Julian Alston, University of California, Part 2 – ‘Driving productivity growth through R&D…’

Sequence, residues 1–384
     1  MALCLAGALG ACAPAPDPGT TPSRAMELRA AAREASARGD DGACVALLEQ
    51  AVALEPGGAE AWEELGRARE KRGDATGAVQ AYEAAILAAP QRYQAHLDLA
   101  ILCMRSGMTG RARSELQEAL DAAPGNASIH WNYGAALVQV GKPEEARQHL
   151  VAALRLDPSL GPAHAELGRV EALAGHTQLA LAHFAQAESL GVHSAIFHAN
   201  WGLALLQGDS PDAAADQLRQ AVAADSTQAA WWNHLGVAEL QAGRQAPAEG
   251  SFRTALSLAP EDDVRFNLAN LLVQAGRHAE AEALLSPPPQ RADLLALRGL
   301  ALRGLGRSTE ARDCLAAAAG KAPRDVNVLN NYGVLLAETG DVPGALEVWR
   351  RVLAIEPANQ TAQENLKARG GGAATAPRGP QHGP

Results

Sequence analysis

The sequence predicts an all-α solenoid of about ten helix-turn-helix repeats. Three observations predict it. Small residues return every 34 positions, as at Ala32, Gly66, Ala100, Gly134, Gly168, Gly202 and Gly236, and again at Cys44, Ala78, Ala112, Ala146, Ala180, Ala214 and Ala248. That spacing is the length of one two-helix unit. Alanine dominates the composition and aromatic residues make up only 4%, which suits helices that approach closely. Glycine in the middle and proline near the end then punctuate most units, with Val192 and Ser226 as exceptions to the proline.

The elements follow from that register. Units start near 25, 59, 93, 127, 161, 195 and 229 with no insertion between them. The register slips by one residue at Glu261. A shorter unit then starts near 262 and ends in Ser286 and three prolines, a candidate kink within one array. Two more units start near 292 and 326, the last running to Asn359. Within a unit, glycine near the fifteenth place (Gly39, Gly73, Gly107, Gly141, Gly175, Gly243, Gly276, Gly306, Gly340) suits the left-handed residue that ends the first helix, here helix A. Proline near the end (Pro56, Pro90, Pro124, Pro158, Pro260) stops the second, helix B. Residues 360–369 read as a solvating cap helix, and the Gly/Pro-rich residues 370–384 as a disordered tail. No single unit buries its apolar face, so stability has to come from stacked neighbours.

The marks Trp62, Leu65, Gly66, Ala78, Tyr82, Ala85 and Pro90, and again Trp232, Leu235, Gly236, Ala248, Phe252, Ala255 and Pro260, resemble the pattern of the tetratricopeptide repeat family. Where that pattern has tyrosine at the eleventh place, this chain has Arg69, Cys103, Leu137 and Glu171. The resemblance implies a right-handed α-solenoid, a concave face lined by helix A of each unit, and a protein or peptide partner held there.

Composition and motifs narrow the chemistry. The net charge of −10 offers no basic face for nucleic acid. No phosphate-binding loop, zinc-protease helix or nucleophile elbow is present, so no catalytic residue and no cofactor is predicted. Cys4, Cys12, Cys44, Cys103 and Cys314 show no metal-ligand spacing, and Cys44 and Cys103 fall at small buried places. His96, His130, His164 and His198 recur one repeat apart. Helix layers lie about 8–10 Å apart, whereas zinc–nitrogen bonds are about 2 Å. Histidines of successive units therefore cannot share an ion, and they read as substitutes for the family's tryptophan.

So, er, these are yields … oh, the colours don’t work. Oh well. So the – for maize this is growth rates of crop yields for the world as a whole. And so for maize it was 2.2% per year up until 1990 and then 1.7% per year after that. For wheat 2.95% then 0.5%. Rice 2-2%, then 1.0%. Soy beans – fell again. So, for each of these crops, for the world as a whole productivity growth since 1990 was slower than before. Okay? If you look just at the high income ocuntries, the story is worse – it’s bigger slowdown in every case. If we look at the middle income ocuntries – not so bad. They include China, Brazil and India – the places that are doing a little better. For the low income countries; they had very low productivity growth to begin with and so you’ve actually got some acceleration of productivity growth in some of those places. General story though – in the world as whole, especially in the high income countries a slowdown in crop yield growth. If you look at total output per unit of land or per unit of labour – a similar story. In the world as whole, land productivity growth fell from 2% before 1990 to 1.8% after that. Labour productivity grew faster because labour is getting out of agriculture. You can get it with the numerator or the denominator – but if you take China out of the world and take the whole world excluding China, then we’ve got the growth rate of both land and labour productivity slowing down after 1990. If you take out China and the former Soviet Union you counteract that a little bit because they had the opposite experience. But the general story is of slowdown with the exception of China. Latin America is another exceptional story, particularly Brazil driving things there. Throughout Asia, um … it looks like Asia’s okay but when you take China out it doesn’t look as good. Africa doesn’t look so good. Another way to cut is by income category of countries. And here you can see that it’s the high income countries in particular where there’s been a problem with land productivity growth. Now this a map of the United States, showing before … rather, showing the whole period 1949-2002. The average productivity growth rate was 2.02% per year. This is a very good measure of productivity. It’s measuring the output of all of agriculture and then the input – which we’ve adjusted for the quality of the land, we’ve adjusted for irrigation we’ve adjusted for the educational status of farmers – we’ve done everything we can think of to leave a measure of productivity that’s attributable to innovation. And so, there it is. It was around 2% per year up until 1990. It’s about 1% per year since. Very consistent with what we see in crop yield growth. So, another way to think about productivity is to look at prices; and in fact for weird economists like me, er … people look at the terms of trade of farmers and say, ‘That’s a measure of profitability’ and I say ‘Turn it upside down, it’s a measure of productivity.’ And actually it is formally. And so, we can look at this graph and it says er, and some people think that … they have a short memory and they think farm commodity prices go down all the time. Well they don’t. Even in secular terms they don’t. So this – these are indexes for rice, soy beans, wheat and maize. These are $US prices deflated by the CPI – but they’re measures of the world price We could have deflated by something else. It’s about the same story if we use other more sensible deflators. But … these prices were around a hundred – the index was a hundred in 1924. After a fair bit of movement after the price spike in the 1970s we get around a hundred again. Since then they fell very rapidly – but if you look at that graph and you draw a line through it you can say, well it fell rapidly, especially in the 1970s and the 1980s but after that it wasn’t falling as fast. Before we got to the price spike of the late 2000s it was already flat. It was falttening out. it kicked up at the end but it was already flattening out before then – and that shows up in these numbers in the table. The prices were falling at four or more percent per year through 1990 … er, and then between 1990 and 2005 they were falling at a much slower rate. Since 2000 they’ve been rising in some cases. So this is another indicator for me of a slowdown in productivity The commodity price spikes in 2007 and so on. We already had evidence of a slowdown in the rate of the fall of prices – the rate of productivity growth. It’s really important – these price declines were really important for people’s wellbeing and so it’s really important when we think about the world food equation to know what’s going to happen next – and what that depends on. So we’ve got options. I could be giving this talk in Washington DC – in fact I gave one just like it. And, er … it’s easier there. There are a lot of easier targets. One choice is to do nothing. Business as usual. The first observation of that is it’s a wasted opportunity. All of our evidence says there’s a really high rate of return to investing in agricultural R&D. Doing nothing is just wasting that opportunity. By the way, if we do nothing and waste that opportunity something else will happen. China and India and Brazil and other places are not doing nothing. So, our slower rate of productivity growth compared to theirs will mean that, eventually, we cease to be competititive with them And so there’s a selfish reason as well as a … altruistic reason for being concerned about these things. So the answer, I say … something which we can do. There are lots of things we can’t do much about – we can do something about this. We could reinvigorate investments in agricultural R&D In the United States, the USDA budget under the Farm Bill is around $120billion – and anybody care to guess how much they spend of that on agricultural R&D? … Two. It’s negligible compared to what they spend on crop insurance and farm commodity programmes; and it’s not even noticeable relative to what they spend on food & nutrition programmes. So, a small rebalancing of that budget towards R&D – double it – you wouldn’t notice it in the rest of it. Then within the agriculture budget we could think about priorities for spending that money and whether to spend it on biofuels or the other aspects of the environment or food & nutriition or farm productivity. The other thing we could do is develop policies to encourage the private sector to do more – so I tell the Americans, look, the Australians have got the great model. This is what you should be doing. Set up a levy funding arrangement – put in a matching grant because we’ve got levy funding arrangements in the United States and they don’t generate any money and they don’t spend the money on research. You need the matching support from the Federal Government or it doesn’t work. And so it’s very interesting to me in a place like, where we have this world’s ideal model and people are saying, ‘Gee, let’s change that.’ I’m not sure that’s a good idea. The other thing we could do is strengthen intellectual property rights to encourage the private sector; and from a farmer point of view that has a different implications. If we use end point royalties to fund crop improvement research then somebody who owns those varieties is getting the benefits instead of the farmers – and so there’s a really different implication in the lnog run about the returns. Who gets those turns as well. So we should pay attention to that. That’s it for me … These sources are all available if you want to see more about these things and if anybody wants to chase me up I’m happy to interact on them if anybody wants my email. Thank you.